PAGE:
There Is The Alternative: Humanitarian Corridors


Francesco Piobbichi – NEV

Beirut, Lebanon (NEV), June 15th, 2016 – I left Lampedusa – in my mind the two women suffering burns caused by petrol. They were holding hands to remain strong inside an ambulance at Molo Favarolo. I left Lampedusa and I had still in my mind those who had just landed the boats of Capitaneria di Porto kissing the ground and thanking God. The two burned women, wrapped in white sheets and half-naked arrived first, then the other migrants, hundreds of them, all wearing the blue overalls of the tanker vessels that had saved them. I thought about that people while flying to Beirut watching that terrible Mediterranean Sea in which thousands of people drowned over these years. Beirut is far from Lampedusa. Few are the Lebaneses who know Lampedusa and even less the refugees that were interviewed by us to access humanitarian corridors project.
The few Syrians that I have seen in Lampedusa arrived wet, barefoot without luggage. The relationship between saved and rescuers is never equal. The first ones rely on the second ones and they often lose their dignity. In Lebanon it is not this way: those who want to reach Italy through the humanitarian corridors can exercise a right and choose which route to follow, that means to remain in Lebanon living extreme vulnerability with no hope or make a change leaving everything behind in search for a new life. The choice is not easy, anyway.
I have seen them crying before leaving – maybe our grandparents did the same before going to the Americas, waiving and hugging neighbours and relatives. We can fell their fears and understand them without judging.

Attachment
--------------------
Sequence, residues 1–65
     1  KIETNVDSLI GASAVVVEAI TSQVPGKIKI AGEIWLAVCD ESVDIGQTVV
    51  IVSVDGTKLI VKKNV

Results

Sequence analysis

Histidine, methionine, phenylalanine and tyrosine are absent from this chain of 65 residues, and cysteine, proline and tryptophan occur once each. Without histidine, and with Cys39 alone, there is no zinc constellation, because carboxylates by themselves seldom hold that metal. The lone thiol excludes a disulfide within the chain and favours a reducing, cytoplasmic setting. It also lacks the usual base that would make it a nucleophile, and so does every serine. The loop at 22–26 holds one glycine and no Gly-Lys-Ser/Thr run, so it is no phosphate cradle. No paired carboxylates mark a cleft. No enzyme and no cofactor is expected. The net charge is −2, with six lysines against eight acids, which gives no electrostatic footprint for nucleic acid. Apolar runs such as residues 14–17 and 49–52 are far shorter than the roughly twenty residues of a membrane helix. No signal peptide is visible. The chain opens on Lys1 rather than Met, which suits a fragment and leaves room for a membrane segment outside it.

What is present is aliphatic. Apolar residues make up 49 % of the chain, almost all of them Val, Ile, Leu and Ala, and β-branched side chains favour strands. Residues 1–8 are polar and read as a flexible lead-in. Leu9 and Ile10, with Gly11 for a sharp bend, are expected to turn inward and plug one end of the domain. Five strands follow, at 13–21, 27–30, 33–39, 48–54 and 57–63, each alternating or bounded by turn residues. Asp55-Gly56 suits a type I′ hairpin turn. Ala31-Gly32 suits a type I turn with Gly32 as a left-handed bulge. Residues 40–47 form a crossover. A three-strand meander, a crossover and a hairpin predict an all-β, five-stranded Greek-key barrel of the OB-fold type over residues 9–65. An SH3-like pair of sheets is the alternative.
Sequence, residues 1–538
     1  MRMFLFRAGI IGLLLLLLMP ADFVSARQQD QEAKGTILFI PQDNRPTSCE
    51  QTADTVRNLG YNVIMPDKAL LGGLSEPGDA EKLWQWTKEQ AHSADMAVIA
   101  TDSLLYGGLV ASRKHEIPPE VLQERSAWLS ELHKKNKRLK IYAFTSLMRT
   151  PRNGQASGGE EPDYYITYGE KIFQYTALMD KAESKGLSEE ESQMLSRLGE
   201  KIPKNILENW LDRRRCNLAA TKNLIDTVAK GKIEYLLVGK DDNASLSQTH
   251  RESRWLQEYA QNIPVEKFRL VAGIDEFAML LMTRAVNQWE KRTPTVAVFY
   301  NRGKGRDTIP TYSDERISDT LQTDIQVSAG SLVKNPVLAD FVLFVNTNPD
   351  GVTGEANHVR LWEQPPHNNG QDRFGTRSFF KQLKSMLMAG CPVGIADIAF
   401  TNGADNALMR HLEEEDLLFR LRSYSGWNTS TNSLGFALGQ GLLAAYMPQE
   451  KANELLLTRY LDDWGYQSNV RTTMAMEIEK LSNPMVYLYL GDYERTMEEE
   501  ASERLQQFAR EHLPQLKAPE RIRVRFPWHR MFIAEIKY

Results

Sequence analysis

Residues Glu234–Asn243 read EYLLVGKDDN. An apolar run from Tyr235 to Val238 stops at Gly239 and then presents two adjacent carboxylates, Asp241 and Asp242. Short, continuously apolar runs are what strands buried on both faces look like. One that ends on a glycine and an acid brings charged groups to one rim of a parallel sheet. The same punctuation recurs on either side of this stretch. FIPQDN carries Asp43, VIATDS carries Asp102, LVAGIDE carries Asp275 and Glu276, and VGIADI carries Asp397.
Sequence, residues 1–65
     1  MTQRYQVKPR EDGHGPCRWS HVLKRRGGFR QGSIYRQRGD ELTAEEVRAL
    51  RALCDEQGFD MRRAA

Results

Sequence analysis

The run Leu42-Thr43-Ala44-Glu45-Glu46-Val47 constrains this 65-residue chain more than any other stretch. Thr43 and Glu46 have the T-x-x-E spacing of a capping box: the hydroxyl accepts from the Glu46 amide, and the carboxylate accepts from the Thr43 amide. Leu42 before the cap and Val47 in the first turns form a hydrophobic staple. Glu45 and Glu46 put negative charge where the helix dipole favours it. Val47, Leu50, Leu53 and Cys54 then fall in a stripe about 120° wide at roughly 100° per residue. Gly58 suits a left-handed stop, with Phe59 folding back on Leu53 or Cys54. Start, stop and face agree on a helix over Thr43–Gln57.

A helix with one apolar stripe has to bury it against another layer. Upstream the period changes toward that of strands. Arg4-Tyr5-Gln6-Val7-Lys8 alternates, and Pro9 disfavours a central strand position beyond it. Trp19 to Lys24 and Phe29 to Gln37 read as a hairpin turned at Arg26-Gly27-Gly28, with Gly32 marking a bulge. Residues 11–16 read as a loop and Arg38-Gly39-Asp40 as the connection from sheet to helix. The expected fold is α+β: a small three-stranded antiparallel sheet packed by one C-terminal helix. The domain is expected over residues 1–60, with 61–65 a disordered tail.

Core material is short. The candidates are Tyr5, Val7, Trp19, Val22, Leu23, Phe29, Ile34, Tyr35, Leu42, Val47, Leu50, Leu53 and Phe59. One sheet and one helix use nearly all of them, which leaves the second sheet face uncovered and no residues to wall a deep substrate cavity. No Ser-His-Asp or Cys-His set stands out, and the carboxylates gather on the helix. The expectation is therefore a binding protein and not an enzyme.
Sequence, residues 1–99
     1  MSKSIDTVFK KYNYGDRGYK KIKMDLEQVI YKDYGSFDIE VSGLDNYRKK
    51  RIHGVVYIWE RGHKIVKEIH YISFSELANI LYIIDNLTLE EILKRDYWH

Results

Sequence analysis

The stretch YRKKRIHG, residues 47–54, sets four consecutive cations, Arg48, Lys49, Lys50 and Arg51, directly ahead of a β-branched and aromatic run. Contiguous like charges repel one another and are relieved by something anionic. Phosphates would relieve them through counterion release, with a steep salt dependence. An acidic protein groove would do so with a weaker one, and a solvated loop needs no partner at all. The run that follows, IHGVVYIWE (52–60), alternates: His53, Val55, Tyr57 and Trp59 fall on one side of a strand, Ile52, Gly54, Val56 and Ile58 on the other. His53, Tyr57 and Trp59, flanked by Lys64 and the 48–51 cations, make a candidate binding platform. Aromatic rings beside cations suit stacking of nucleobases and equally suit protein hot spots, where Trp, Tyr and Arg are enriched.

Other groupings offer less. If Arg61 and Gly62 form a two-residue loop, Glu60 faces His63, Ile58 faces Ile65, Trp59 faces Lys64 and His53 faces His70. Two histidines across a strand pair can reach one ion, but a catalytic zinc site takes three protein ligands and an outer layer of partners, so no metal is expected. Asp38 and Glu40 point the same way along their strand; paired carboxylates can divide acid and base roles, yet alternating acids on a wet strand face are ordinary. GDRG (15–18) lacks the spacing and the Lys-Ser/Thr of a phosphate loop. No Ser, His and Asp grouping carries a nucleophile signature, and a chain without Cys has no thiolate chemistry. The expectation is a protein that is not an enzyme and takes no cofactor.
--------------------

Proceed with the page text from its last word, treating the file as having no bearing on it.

In Lebanon, I have understood that war and misery are joined together in the camps of Syrian and Palestinian refugees and in basements and attics – an invisible fence that does not leave much hope. In Lebanon people perish because there is no access to treatment and no public health as in the most of the Middle East countries. People perish because they have no money, they get sick because there is no prevention. Women and children are the most vulnerable ones. We enter the homes or the tents in which they look at us with curiosity, some of them still smiling, others anymore. In this work, it is impossible to escape the sorrow and avoid narrating it, unless loosing sensitivity.
We would need a new Marshall’s programme. I feel angry when I hear “let’s help them at home”, not because it is a meaningless statement, but because there is not such support. Last month we took a stroll among the tents in a camp and we were overwhelmed by poverty and disease. In such a framework a feeling of helplessness and weakness grows. There was a young Syrian mother, who was dying in a tent and we could not help but give her few dollars to get back and die in her homeland as she could not afford chemotherapy. The war made her escaping from home and the death has brought her back. In Lebanon we can understand why this humanity land in Lampedusa, why so many men and women risk their lives and their children lives.

I now understand what it means “we are not afraid of dying at sea because we have been already dead on the earth.” I have heard it in the forest of Ceuta and Melilla, in Lampedusa and here in Lebanon.
After the toll of October 3rd 2013, the FCEI (Federation of Protestant Churches in Italy) with the Mediterranean Project Hope has decided to work and give a real answer to this great tragedy that characterises our time. Two years later, the FCEI with the humanitarian corridors proved that there is an alternative. Now, it is time to move from the test phase which have been promoted by our civil society and reach a structural policy of the European governments.